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Countdown

What a week. The brutal murder of MP Jo Cox; Tim Peake‘s return to earth after six months in space; an historic referendum on the UK’s position in Europe; … I’ve counted down to my own author-event at Blackwell’s Bookshop this evening, not just in days-to-the-referendum, but in significant news flashes. And I want to pay my own small tribute to Jo Cox and her family who have epitomised dignity, humanity, unity and compassion. If only her legacy could continue to overrule the vitriol and power-struggling and falsehoods which have characterised this campaign.

So, tonight we launch my latest novel, Inside of Me, into the bigger world, courtesy of Blackwell’s Bookshop in Edinburgh.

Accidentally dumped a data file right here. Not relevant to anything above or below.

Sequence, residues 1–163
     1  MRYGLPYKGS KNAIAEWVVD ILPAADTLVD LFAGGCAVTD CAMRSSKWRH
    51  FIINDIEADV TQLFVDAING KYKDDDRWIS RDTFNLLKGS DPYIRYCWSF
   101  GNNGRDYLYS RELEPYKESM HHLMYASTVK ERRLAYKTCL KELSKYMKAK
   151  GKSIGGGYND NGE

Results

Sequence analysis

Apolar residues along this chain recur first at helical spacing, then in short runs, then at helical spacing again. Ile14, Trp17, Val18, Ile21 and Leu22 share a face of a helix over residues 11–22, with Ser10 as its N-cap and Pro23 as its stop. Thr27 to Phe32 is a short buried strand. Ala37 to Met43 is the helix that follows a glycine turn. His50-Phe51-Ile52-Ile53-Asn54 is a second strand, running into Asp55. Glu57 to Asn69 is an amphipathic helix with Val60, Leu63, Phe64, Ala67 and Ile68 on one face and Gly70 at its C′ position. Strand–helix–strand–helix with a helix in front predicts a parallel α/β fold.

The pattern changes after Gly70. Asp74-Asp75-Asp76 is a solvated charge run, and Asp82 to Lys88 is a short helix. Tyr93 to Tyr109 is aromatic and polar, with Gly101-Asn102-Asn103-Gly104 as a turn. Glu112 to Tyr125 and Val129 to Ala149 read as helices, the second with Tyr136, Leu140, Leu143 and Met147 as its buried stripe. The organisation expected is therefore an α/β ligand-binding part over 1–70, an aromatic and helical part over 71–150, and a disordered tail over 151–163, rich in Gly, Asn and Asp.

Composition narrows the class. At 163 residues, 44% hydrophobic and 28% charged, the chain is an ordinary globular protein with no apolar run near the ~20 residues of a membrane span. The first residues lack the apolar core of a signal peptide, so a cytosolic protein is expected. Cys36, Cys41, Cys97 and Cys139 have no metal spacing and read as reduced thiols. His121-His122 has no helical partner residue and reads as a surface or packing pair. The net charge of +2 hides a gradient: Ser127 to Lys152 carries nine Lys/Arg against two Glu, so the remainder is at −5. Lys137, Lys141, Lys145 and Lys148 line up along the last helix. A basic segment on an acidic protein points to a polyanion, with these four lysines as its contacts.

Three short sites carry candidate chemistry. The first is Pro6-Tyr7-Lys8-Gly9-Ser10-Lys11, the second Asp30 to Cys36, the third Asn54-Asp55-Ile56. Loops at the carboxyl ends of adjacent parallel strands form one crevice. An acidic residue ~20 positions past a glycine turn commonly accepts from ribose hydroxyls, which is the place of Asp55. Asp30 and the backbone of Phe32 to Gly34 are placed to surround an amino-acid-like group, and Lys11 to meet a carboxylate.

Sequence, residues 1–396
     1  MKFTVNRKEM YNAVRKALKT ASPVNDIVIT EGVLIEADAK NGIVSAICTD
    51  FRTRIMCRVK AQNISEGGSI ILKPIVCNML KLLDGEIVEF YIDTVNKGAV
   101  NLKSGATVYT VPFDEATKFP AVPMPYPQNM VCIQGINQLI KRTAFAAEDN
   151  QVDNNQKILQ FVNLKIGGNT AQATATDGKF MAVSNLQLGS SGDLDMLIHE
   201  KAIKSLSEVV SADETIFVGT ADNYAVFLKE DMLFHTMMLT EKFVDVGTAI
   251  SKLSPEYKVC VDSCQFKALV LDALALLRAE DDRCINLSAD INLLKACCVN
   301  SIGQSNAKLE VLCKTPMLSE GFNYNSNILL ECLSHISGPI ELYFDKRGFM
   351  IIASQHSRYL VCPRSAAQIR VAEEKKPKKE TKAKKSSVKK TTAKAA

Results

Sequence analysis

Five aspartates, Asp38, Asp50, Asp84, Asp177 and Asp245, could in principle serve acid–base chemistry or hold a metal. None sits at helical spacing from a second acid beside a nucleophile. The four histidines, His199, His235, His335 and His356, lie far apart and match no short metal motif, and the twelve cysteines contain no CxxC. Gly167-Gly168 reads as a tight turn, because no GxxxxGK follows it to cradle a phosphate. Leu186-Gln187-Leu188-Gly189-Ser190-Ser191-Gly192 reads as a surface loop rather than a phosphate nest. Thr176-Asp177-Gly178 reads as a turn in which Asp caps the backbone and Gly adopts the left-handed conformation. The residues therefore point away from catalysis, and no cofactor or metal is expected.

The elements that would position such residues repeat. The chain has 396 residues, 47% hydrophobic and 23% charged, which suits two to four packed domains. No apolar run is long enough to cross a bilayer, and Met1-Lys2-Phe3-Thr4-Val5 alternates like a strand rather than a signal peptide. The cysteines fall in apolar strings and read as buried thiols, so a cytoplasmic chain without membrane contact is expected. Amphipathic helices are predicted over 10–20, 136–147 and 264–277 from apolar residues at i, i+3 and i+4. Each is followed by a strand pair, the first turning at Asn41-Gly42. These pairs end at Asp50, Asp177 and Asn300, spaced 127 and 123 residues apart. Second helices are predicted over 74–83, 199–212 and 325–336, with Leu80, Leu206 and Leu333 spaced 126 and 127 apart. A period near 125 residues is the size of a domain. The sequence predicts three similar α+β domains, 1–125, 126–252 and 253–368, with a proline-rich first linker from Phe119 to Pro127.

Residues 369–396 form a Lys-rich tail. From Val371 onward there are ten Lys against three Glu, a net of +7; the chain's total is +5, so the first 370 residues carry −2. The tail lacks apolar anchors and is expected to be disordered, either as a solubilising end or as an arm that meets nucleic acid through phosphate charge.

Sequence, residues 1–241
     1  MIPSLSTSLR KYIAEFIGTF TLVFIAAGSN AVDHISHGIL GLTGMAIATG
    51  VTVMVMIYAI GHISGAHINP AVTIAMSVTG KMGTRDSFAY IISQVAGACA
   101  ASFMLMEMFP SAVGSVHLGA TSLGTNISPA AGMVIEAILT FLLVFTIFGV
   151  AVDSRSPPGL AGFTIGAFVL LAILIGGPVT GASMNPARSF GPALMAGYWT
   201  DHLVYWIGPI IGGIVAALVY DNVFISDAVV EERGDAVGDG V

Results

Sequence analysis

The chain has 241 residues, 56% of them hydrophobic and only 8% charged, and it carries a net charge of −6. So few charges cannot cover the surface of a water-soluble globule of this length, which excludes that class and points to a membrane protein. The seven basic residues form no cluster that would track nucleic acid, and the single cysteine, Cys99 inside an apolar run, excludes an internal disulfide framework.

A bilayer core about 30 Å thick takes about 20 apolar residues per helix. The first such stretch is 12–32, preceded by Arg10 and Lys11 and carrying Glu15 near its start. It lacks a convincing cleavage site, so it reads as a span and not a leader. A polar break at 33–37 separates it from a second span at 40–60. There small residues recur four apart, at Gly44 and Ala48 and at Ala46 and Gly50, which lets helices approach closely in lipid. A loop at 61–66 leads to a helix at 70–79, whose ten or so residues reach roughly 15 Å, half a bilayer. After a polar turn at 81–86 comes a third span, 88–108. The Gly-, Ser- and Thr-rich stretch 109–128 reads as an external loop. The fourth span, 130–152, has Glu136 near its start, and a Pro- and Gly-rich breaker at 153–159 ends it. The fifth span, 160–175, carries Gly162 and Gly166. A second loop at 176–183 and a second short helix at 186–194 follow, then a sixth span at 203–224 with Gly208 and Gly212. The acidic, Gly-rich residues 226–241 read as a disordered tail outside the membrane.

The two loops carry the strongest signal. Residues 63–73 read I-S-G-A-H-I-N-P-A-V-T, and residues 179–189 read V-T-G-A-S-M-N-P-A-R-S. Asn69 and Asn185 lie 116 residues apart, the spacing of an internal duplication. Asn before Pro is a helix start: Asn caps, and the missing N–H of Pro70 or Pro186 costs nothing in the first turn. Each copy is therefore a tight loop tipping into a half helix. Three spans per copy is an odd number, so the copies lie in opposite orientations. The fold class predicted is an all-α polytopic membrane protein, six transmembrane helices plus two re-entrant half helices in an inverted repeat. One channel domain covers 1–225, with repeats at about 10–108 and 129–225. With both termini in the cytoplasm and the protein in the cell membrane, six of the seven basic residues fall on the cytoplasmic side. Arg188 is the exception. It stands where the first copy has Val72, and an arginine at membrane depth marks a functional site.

Stash of Inside of Me

I always knew it would be hard to do justice to this one without giving away a surprise but significant element which is only revealed at the end. So I had to explore various angles which might ‘sell’ the book to a live audience without containing spoilers. On this occasion I decided to concentrate on two points: body image and disappearance.

I suspect that only a tiny minority of people go through life perfectly content with their own body image; I’m certainly not among their number. All manner of hang-ups, me. All my life. And sobering statistics for suicide, mental health, eating disorders, self-harm, obsessions and addictions, cosmetic procedures, gender changes, all bear testament to a wider societal dissatisfaction. Small wonder, fueled as we are by the messages, overt and subliminal, from magazines and the internet; from social media; peer pressures; completely unrealistic expectations and cultural ideals. My book fits into this context, exploring what it means to live with unhappiness and troubled thoughts and unachievable goals.